TABLE IV______________________________________Sequencing Reaction Mixes for Sequencing PrimersSEQ ID #9 and SEQ ID #10       A    C         G      T______________________________________5X Seq. Buffer.sup.a         1 μl                1 μl   2 μl                               2 μlA d/dd.sup.b  1 μl                --        --   --C d/dd.sup.c  --     1 μl   --   --G d/dd.sup.d  --     --        2 μl                               --T d/dd.sup.e  --     --        --   2 μlA Dye Primer.sup.f         2 μl                --        --   --C Dye Primer.sup.f         --     2 μl   --   --G Dye Primer.sup.f         --     --        4 μl                               --T Dye Primer.sup.f         --     --        --   4 μlTaq dilution.sup.g         1 μl                1 μl   2 μl                               2 μlDiluted Template.sup.h         1 μl                1 μl   2 μl                               2 μl______________________________________ .sup.a -.sup.f These notes have the same meaning as those in Table III above.

Each of the sequencing reaction mixes were denatured at 98° C. for 5 s then thermocycled in a Perkin-Elmer 9600 thermocycler using the following program: 96° C. for 5 s followed by 55° C. for 40 s, followed by 68° C. for 1 min, where the cycle was repeated 15 times; and 96° C. for 5 s followed by 68° C. for 1 min, where the cycle was repeated 15 times.

After completion of the sequencing reactions, each of the A, G, C, and T reactions for each gene were pooled and added to 200 μl of 95% Ethanol on ice. After allowing the DNA to precipitate, the tubes were centrifuged at 17, 000 rpm for 20 min, whereupon the ethanol was decanted by vacuum aspiration. Next, 200 μl of 70% ethanol was added to the dry DNA pellet, vortexed vigorously, then centrifuged at 17,000 rpm for 15 min, then dried in a vacuum centrifuge set to medium heat for 5 minutes. The precipitated samples were then resuspended and loaded on a standard DNA sequencing gel, and run on an automated fluorescent DNA sequencer as described in the Applied Biosystems 373A manual (373A DNA Sequencing System Users Manual, Sections 2, 3, and 4, p/n 901156, Software version 1.10, Document Rev. C, January 1992, ABI).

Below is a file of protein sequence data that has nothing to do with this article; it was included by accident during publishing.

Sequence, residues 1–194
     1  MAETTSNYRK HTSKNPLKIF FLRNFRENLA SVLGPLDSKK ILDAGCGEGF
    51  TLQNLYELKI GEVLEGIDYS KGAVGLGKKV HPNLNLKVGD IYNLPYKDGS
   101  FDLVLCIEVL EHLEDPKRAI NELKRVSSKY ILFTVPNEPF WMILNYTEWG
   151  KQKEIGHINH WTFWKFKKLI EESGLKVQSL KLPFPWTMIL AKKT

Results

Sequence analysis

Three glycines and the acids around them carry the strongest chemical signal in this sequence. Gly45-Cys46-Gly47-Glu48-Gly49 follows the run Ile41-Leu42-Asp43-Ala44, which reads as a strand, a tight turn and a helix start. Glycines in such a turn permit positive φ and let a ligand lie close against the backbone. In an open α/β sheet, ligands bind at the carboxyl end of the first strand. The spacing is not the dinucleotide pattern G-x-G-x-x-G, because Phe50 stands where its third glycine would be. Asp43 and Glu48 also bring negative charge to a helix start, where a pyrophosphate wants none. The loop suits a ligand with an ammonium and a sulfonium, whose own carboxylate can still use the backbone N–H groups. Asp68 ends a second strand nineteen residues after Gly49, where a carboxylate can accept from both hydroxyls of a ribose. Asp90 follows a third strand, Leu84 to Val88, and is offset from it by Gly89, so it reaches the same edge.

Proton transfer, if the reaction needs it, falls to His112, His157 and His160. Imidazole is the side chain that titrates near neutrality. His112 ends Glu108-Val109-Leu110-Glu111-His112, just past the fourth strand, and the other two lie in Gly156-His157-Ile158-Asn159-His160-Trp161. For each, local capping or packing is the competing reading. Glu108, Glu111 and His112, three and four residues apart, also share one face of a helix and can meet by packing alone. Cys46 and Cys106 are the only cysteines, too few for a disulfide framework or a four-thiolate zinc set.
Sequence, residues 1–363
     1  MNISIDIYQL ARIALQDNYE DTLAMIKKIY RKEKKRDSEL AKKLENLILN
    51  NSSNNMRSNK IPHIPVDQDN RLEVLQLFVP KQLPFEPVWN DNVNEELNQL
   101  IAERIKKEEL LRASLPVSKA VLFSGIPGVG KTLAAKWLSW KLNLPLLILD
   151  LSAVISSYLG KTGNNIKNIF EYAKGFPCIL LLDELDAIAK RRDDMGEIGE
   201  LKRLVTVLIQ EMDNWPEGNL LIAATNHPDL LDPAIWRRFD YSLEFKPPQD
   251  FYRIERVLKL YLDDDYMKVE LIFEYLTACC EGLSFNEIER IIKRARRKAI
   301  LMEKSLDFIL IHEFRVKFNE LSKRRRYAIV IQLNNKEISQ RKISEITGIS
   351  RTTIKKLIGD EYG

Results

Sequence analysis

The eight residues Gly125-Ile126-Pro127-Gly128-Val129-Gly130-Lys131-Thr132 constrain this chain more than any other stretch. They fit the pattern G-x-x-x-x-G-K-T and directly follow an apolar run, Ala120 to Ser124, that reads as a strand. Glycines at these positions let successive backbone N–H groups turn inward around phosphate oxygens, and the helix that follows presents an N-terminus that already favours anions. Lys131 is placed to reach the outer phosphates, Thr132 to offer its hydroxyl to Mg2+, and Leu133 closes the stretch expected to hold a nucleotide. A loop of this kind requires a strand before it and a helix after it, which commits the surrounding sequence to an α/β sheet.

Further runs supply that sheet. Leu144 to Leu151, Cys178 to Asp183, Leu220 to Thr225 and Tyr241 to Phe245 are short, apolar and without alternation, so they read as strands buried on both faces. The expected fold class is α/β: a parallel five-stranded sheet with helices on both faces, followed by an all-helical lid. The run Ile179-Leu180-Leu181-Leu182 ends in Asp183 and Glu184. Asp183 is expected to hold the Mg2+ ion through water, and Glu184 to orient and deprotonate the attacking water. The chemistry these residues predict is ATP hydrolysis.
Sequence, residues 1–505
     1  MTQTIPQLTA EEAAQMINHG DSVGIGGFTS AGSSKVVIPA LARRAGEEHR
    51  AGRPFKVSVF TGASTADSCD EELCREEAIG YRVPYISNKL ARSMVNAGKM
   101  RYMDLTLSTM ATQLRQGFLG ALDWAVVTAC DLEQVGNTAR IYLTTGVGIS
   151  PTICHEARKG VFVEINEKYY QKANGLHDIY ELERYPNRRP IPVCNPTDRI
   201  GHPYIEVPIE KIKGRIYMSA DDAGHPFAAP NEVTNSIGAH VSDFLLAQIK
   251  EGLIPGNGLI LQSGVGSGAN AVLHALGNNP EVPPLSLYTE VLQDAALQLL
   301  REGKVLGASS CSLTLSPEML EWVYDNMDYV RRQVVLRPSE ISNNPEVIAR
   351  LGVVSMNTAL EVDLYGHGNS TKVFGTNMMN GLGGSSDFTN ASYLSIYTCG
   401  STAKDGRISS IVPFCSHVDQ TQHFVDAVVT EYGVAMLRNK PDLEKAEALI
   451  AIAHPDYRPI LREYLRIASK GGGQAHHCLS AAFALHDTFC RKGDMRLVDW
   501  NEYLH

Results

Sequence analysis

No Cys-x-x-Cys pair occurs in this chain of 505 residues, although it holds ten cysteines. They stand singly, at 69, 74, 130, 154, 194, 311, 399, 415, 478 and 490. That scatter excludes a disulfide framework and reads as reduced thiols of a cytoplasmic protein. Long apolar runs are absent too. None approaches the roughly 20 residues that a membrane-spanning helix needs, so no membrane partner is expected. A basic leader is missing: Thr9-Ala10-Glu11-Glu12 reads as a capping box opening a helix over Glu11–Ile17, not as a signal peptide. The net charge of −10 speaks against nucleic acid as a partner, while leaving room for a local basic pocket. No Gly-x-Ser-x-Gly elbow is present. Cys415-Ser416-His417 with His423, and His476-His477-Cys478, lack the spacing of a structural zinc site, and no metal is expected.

The following FIGS. 3-21 show examples of HLA class I typing data collected using the protocols of Examples 1 and 2.

FIGS. 3-8 show typing data from the HLA-A class I gene. FIGS. 3 and 4 show the raw sequence of the sense strand and the antisense strand of exon 2 of the HLA-A gene using the sequencing primers SEQ ID #9 and SEQ ID #12, respectively. FIG. 5 shows a sequence alignment of the data from FIGS. 3 and 4 where: line 1 is the reference sequence of the putative allele, HLA-A0101 (Genbank Accession No. M24043); line 2 is the experimentally determined sequence of the sense strand obtained from FIG. 3; line 3 is the experimentally determined sequence of the antisense strand obtained from FIG. 4; and, line 4 is a consensus sequence derived from the sequences in lines 1, 2, and 3 (note that the line numbers 1, 2, 3, and 4 refer to the numbers in the leftmost column of each of the sequence panels in FIG. 5 and each of the following alignment figures, i.e., FIGS. 8, 11, 16, 19, and 21).